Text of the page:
Defining success

Often, growing security teams struggle to quantify their success. Unlike feature delivery, security initiatives don’t always offer immediately visible results (How do you measure all the breaches you don’t have?). And while tools supply plenty of data, contextualizing it can be a challenge. When beginning to define what makes a security program successful, it’s important to “know something we didn't know yesterday,” said Stefan Steglich (Application Security Product Manager, Skybetting & Gaming).

The ways you measure success should serve your program’s message — not the other way around. Also, be sure we celebrate early wins. Whether it’s positive feedback on the program in general, or increased interaction with our chosen security tools, it’s important to step back and recognize how far you’ve come.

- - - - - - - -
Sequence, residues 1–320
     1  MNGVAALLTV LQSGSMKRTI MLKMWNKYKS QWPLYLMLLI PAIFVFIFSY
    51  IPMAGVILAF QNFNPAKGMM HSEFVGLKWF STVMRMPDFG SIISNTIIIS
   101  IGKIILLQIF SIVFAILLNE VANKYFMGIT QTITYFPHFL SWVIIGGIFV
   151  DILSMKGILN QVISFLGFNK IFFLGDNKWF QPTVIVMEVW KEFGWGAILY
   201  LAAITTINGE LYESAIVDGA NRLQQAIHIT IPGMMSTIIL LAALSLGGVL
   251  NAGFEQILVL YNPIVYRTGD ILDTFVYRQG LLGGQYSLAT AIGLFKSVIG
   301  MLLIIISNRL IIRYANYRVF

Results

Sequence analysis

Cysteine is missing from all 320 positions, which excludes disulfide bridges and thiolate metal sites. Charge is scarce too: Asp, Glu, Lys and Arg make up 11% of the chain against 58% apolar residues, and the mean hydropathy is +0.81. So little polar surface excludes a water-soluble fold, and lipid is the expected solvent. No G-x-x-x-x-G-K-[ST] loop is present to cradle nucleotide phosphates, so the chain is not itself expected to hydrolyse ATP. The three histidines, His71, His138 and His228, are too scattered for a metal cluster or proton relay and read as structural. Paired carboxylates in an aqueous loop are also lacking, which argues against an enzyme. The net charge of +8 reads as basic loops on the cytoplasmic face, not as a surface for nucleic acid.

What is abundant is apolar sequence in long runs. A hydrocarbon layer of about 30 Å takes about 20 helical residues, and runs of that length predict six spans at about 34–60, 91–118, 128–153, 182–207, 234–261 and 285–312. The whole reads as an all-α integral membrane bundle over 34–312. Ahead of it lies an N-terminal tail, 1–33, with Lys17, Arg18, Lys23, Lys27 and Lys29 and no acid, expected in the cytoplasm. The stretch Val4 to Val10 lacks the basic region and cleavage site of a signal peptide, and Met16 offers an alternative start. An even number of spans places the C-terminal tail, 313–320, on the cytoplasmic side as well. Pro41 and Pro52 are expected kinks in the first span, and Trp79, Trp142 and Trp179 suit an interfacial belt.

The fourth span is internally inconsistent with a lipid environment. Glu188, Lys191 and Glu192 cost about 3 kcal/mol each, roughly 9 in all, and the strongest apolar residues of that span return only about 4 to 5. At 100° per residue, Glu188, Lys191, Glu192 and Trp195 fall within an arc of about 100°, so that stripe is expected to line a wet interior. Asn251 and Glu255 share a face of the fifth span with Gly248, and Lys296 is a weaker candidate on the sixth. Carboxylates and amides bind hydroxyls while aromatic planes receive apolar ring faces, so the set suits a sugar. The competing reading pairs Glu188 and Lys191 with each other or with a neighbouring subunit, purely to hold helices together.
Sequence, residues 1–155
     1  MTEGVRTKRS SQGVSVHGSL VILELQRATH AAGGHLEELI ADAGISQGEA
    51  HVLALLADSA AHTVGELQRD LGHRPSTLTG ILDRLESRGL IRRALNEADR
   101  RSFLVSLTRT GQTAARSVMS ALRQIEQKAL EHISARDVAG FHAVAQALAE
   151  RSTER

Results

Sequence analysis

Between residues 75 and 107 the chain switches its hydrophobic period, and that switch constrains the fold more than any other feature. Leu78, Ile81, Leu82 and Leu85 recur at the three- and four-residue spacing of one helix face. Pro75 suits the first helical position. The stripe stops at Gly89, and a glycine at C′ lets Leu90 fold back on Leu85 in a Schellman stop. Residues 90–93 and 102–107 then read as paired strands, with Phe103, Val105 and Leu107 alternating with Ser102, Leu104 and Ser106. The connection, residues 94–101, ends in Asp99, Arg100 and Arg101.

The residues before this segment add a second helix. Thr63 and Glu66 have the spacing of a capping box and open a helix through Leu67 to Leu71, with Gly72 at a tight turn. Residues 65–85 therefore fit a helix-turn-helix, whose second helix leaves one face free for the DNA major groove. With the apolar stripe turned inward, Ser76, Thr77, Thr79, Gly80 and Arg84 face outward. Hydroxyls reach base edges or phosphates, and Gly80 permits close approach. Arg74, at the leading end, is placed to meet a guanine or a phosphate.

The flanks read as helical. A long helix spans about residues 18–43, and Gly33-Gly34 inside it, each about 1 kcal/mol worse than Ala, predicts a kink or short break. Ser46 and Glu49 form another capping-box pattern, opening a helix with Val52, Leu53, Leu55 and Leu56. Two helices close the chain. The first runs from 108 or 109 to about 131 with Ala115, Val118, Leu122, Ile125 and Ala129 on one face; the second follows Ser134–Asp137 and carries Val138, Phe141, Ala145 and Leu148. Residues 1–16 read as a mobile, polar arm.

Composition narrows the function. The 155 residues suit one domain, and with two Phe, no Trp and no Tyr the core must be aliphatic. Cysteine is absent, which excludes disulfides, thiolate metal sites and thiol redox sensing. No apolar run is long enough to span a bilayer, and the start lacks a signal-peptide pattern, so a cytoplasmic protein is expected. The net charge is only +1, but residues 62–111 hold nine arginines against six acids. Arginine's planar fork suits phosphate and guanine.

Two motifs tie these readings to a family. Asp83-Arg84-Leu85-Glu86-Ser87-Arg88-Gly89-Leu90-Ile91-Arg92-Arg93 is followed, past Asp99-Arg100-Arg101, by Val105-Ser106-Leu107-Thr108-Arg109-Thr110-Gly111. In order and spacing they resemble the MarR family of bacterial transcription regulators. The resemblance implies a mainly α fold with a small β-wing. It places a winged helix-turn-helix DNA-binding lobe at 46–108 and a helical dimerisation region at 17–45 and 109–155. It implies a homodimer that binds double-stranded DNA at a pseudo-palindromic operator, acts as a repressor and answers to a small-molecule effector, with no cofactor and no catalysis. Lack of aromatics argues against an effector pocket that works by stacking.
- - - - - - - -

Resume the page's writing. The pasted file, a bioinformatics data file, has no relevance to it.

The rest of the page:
Practical metrics

When it comes to practical metrics, Vinson  recommends tracking three types: design requirements, operation metrics, and security maturity assessments. Design requirements are the output from threat modeling. These metrics determine if your AppSec program is addressing all the potential risks that were identified and help discover new threats as they arise. Operational metrics are vulnerability statistics. Be it output from SAST scanning, number of fixes, etc., these metrics display vulnerability trends and help make our design requirements more accurate. Finally, a security maturity assessment gives context to the previous metrics and program as a whole. This broader assessment helps pinpoint where we are in the AppSec journey and if we’re ready to advance. Data on unmet needs, team’s capacity for security tasks, and adoption of security principles at all levels is vital for planning next steps.  

AppSec should support developers